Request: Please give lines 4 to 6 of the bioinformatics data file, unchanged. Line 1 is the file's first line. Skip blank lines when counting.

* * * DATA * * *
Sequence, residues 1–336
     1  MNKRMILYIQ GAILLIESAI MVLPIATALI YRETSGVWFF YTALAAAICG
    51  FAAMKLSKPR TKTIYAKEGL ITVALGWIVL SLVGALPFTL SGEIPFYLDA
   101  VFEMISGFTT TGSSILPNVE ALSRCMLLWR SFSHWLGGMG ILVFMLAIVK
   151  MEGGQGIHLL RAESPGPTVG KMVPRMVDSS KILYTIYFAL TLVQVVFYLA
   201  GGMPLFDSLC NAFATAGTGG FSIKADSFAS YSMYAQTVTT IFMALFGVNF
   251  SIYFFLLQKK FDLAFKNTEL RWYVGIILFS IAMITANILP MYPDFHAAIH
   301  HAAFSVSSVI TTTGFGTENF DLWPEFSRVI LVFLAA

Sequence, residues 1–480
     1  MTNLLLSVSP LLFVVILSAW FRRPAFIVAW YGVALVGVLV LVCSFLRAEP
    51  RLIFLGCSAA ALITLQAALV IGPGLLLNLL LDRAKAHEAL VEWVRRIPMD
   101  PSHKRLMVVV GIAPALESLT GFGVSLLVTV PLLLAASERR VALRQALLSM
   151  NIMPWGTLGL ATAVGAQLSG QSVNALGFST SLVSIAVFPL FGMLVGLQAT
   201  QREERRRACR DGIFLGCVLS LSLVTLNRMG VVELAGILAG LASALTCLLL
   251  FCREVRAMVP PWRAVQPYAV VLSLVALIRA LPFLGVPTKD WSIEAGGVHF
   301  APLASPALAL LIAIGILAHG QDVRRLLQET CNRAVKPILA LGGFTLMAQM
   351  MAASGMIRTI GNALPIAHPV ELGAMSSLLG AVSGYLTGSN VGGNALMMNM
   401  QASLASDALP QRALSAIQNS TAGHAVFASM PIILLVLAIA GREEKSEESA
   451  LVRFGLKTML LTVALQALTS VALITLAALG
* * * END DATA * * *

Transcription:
   101  VFEMISGFTT TGSSILPNVE ALSRCMLLWR SFSHWLGGMG ILVFMLAIVK
   151  MEGGQGIHLL RAESPGPTVG KMVPRMVDSS KILYTIYFAL TLVQVVFYLA
   201  GGMPLFDSLC NAFATAGTGG FSIKADSFAS YSMYAQTVTT IFMALFGVNF